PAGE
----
On your journey towards learning Spanish, you will come (hopefully) in contact with many varieties of the language. Pronunciation and idiomatic expressions change according to which Spanish-speaking country your counterpart is from. And the same is true of vocabulary. There are several words that will have different meanings depending on the variety of Spanish spoken. Worry not, though! We got your back! In this article, we will discuss 10 of these words, clarify what they mean in different countries and how to use them to avoid a potentially embarrassing situation.
If you order a torta at a restaurant, you might get something completely different depending on the country where you and said restaurant are located. In Spain*, you will probably get a sweet cake similar to a birthday cake. In some Spanish regions, torta also refers to all types of round and flat bread that are made without using yeast.
In Mexico, however, you would be served a crusty white sandwich roll garnished with vegetables, ham, eggs, avocado or a meat fillet.
Finally, ordering a torta in the Philippines will get you a special kind of omelet made with eggs or eggplant, ground meat and sometimes minced onion and potato.
*Note: This word can also be used to describe a slap in the face in Spain.
In Colombia, chucha describes bad armpit odor. In Argentina, on the other hand, it describes the female reproductive organ and is, similarly, used as an insult in several Latin American countries. In Chile, the phrase “está a la chucha” is used to say that something is far away.
In most of the Spanish-speaking world, strawberry translates to fresa. However, this fruit is called frutilla in Argentina.
When used in Mexico, fresa describes negatively a young person who is (acting) preppy. Mexican teenagers use it to describe the typical superficial, conceited, egocentric and wealthy Mexican. The opposite of fresa would be naco, a pejorative slang term that describes tasteless, tacky and bad-mannered people.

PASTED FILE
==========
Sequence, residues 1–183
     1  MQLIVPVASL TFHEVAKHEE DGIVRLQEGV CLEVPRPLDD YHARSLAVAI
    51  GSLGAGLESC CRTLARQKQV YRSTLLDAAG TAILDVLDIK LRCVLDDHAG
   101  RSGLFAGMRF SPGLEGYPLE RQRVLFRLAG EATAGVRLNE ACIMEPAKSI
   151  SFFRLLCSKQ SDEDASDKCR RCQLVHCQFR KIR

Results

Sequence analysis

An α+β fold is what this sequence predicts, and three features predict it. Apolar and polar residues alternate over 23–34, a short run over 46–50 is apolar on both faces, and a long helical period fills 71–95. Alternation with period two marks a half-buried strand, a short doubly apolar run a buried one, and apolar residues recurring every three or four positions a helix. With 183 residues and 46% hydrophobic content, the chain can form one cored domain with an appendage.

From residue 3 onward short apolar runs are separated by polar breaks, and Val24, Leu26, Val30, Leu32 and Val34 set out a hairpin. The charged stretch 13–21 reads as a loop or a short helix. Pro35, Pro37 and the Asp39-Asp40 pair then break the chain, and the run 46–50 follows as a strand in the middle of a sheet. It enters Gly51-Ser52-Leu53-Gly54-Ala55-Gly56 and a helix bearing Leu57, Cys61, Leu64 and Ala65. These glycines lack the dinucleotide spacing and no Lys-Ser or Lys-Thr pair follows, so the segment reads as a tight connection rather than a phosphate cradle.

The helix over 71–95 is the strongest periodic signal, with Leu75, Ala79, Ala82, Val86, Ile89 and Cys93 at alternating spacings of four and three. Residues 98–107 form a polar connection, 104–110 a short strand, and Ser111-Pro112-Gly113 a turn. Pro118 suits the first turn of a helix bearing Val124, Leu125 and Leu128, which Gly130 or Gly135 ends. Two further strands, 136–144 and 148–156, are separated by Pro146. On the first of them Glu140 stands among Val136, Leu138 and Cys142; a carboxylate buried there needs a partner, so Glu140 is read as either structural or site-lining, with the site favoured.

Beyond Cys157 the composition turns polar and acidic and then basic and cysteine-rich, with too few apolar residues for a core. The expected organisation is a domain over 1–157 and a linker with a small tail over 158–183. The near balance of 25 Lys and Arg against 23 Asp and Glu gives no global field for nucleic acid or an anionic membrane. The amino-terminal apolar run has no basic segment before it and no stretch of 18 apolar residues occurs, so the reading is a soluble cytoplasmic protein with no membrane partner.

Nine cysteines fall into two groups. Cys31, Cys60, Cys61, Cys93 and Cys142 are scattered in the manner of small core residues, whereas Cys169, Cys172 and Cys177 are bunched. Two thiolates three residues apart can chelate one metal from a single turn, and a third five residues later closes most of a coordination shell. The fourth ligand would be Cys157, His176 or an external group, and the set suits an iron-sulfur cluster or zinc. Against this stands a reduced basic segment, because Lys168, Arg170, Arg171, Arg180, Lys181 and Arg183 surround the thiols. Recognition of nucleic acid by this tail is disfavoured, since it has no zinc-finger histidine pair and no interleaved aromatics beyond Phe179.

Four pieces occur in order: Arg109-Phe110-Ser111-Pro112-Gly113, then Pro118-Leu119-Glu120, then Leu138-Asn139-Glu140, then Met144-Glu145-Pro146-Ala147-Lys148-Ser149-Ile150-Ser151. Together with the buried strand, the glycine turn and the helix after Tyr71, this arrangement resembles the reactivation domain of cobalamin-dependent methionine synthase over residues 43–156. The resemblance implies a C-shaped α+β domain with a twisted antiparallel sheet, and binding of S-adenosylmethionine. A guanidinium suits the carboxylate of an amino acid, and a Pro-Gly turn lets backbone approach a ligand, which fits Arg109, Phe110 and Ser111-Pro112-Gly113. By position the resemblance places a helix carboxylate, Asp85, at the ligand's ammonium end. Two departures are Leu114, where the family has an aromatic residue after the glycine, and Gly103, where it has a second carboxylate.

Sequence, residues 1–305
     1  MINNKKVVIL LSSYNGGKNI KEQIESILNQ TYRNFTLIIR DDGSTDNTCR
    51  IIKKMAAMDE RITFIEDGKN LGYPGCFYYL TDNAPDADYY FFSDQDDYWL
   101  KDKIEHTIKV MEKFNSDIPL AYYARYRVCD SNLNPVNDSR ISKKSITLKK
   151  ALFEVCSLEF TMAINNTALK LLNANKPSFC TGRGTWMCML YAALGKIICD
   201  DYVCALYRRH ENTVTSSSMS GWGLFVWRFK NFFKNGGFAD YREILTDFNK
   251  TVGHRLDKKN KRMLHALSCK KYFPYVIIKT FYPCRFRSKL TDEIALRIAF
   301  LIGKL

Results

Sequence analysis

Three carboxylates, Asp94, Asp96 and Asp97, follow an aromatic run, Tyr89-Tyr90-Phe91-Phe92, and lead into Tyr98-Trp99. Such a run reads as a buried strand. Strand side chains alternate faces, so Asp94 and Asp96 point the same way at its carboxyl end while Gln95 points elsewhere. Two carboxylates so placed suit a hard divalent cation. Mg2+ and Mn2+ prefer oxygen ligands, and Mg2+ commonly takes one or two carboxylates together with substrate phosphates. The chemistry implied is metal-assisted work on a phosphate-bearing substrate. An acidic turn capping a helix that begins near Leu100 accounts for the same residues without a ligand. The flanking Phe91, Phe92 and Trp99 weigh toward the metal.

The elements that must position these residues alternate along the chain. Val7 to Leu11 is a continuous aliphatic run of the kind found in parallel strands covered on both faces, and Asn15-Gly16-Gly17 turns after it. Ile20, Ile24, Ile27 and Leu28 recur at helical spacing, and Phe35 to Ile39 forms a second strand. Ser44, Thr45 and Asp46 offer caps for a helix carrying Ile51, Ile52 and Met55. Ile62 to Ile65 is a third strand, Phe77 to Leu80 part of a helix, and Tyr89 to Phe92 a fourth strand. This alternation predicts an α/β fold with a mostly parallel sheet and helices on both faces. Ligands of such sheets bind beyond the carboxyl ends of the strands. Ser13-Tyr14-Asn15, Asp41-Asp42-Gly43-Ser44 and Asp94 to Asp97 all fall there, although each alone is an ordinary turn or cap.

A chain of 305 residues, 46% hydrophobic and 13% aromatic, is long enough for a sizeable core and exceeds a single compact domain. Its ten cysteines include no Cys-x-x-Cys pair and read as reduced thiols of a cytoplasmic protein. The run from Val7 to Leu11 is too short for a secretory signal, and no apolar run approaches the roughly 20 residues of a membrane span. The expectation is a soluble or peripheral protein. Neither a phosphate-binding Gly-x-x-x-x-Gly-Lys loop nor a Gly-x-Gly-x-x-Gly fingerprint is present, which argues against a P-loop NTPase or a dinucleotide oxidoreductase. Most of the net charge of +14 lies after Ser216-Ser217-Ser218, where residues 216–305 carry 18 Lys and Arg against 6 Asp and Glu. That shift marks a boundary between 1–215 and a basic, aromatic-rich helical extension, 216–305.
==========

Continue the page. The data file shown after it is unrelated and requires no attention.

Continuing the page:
If you use the word banqueta in Mexico or Guatemala, people will understand that you are talking about the sidewalk. In most other countries, this word describes a bench whereas it is the word acera which translates to sidewalk.
In Spain, coche means car. However, in Guatemala, it is a slang term for the word “pig” and in Chile, it can also be used to describe a baby stroller. Oh, and by the way: there are several ways to call cars across the Spanish-speaking world. In Mexico, people say coche or carro. In Colombia and Venezuela, carro is also the preferred term whereas Argentina, Chile, Uruguay and Peru will say auto.
What is the meaning of chucho? In most Spanish-speaking countries, chucho is a slang term for dog or mutt and also means shiver. However, in Central America, chucho also means stingy and can be used to describe a crook or an unreliable person as well. In Latin America, this word is also slang for “joint”. Chucho also means “cold” in Argentina, “jail” in Chile and in Mexico it characterizes someone who is clever and skilled. Last but not least, Chucho is also the nickname that is often given to people named Jesus!
Guagua is a slang term for baby (bebé in standard Spanish). However, in the Caribbean, the Canary Islands and Spain, buses with a fixed route are also called guaguas.
Rato literally means “while” or “bit” – an undefined length of time. However, this term is used differently depending on the country, and this is where things get tricky. In Mexico, it means a short period of time (“one moment”), whereas in Spain, un rato is a long period of time
Mona is the name that characterizes a female monkey. However, this word has additional meanings across the Spanish-speaking world. In Spain, mona describes a cute girl, whereas in Colombian slang, it is a word that is used to characterize a blond or white woman (mono being the masculine equivalent). Lastly, in Venezuela, the word is used to talk about conceited girls.
Buzo means diver in standard Spanish. However, it has several other local meanings. A buzo is a sweatshirt in Argentina, sweatpants in Chile and Costa Rica and in Guatemala, the word is used to define someone who is very good at doing something.
Different words for different meanings in Spanish
Learning the different meanings that certain words may have throughout Spanish-speaking countries can greatly benefit communication efforts. Being aware of these linguistic variations will help you avoid misunderstandings and foster better connections with Spanish speakers from diverse regions. So don’t hesitate to expand your vocabulary and embrace the richness and diversity of the Spanish language!